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Echinoderms from Southern New Zealand

Family Amphiuridae — Amphiura Forbes, 1842

Family Amphiuridae
Amphiura Forbes, 1842

Amphiura magellanica Ljungman, 1866

  • Alert station 13, seven individuals.
  • Off Cape Campbell, 50 fathoms, April 4, 1947; coll. F. Abernethy; five individuals.

In fresh material of New Zealand examples of this species, the colour seems relatively invariable—the disc is grey above, cream below, the arms being entirely cream-coloured. In the field, therefore, it provides a useful diagnostic feature for separating the species from the very similar following one, where brilliant shades of various colours occur, often with banding on the arms.

In spirit material, it may be noted that in adult specimens of Amphiura magellicana the disc is usually tumid above, on account of the presence of embryos in the hursae—an additional difference to those already cited by Mortensen (1924) as distinguishing it from the following nearly-related form.

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Amphiura spinipes Mrtsn., 1924

  • Alert stations; 4, three specimens; 13, five specimens; 14, one individual; 20, about forty specimens.
  • Lochlan station 367/51, one specimen.

Amphiura spinipes is extraordinarily variable in respect to its coloration, even within populations of relatively restricted area—for example, Alert station 20 (Paterson Inlet, Stewart Island). On preliminary macroscopic sorting of the collection from the latter station, four distinct lots were isolated, on account of colour differences, which afterwards proved to be all of this species. Following are some of the major colour variants noted:—

(a)Purple-brown disc and arms—ten individuals from station 20.
(b)Pinkish-fawn above, arms pale fawn below—about twenty individuals from station 20.
(c)Grey, the arms banded with narrow black bars at 2 mm. intervals—one individual from station 4.
(d)Disc dark fawn, arms brilliant orange-vermilion—about twelve individuals from stations 13 and 20.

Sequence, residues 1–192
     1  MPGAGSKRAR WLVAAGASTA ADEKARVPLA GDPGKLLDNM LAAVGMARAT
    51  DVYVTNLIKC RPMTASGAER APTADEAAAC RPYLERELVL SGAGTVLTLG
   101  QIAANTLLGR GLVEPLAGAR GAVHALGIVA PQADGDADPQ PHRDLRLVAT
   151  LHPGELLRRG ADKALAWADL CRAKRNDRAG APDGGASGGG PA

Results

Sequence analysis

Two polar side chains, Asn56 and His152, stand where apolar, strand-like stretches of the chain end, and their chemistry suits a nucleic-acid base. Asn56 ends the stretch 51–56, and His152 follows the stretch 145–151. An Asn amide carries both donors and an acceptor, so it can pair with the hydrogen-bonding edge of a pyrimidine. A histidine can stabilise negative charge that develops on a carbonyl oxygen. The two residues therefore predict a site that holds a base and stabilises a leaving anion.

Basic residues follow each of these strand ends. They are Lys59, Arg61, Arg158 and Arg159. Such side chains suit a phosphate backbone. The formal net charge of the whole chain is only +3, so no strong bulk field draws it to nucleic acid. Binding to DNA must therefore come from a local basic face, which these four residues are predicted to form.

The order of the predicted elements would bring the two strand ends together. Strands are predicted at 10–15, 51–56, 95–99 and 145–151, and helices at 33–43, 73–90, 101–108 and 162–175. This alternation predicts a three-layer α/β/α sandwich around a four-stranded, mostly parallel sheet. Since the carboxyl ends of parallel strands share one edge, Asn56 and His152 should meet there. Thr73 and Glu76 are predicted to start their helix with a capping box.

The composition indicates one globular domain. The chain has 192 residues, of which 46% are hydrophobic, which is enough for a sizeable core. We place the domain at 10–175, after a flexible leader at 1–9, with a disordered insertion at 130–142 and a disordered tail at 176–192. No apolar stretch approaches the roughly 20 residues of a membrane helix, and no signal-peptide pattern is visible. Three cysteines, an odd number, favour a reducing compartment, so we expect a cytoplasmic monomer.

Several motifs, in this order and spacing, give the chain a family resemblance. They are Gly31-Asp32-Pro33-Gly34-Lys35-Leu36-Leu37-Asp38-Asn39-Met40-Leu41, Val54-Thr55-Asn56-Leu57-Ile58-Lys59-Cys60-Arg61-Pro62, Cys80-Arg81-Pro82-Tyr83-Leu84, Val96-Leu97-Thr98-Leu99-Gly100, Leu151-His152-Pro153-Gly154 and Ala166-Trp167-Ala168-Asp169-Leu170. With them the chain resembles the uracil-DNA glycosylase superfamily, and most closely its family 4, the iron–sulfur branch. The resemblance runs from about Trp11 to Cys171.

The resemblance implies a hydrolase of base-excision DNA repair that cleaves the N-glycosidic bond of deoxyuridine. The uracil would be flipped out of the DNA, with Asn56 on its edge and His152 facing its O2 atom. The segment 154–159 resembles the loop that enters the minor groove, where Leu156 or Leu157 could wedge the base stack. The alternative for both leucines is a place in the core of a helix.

(e)Disc brownish-orange, arms fawn, with narrow black bands at 2 mm. intervals—two specimens from station 20.

Amphiura rosea Farquhar, 1894

  • Alert stations: 1, six specimens; 3, five young individuals; 6, three individuals.

In the present instance, all material was in spirit before it was examined, so the colours were not noted. Specimens from Alert station 3 are of typical form, but small. Those from station 1 have the radial shields separated by more scales than in the case of Farquhar's type.

Amphiura hinemoae Mrtsn., 1924

  • Station NGH 64A, one specimen.
  • Alert station 14, ten specimens.

Colour—hitherto unknown from fresh material—pale pink or orange, the disc naked below, the primaries prominently pigmented with grey spots.

The type locality—and, indeed, hitherto only known one—is White Island, 55 fathoms. Thus, again, as in the case of Peronella hinemoae, the southern range of the species is extended by some seven hundred miles, yet no occurrences are known in the intervening waters.

Amphiura amokurae Mrtsn., 1924

  • Paterson Inlet, Stewart Island, intertidal, under stones on seaward side of Point Anglem, January, 1951; coll. B. M. Bary; a single specimen.
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The species appears to be nowhere common, though isolated instances establish its presence throughout New Zealand from North Cape to Auckland Islands. Only one specimen was obtained by the Cape Expedition (at Auckland Islands).

Amphiura alba Mrtsn., 1924

  • New Golden Hind stations: 44, one specimen; 2, two young specimens. Alert stations: 18, two specimens; 20, one specimen.

The above specimens agree with A. alba in having one triangular tentacle-scale, no disc spines, the oral side of the disc completely scaled, spearhead-shaped oral shields, five or six pointed arm-spines, and the outer oral papilla large, flattened, and pointed distally. On the other hand, the six primary plates of the upper side of the disc are quite distinct—of rounded form—each separated from its fellows by smaller disc-scales. In Mortensen's type (from Colville Channel, 35 fathoms), the primaries are said to be "not very distinct." The difference, however, may be due only to age.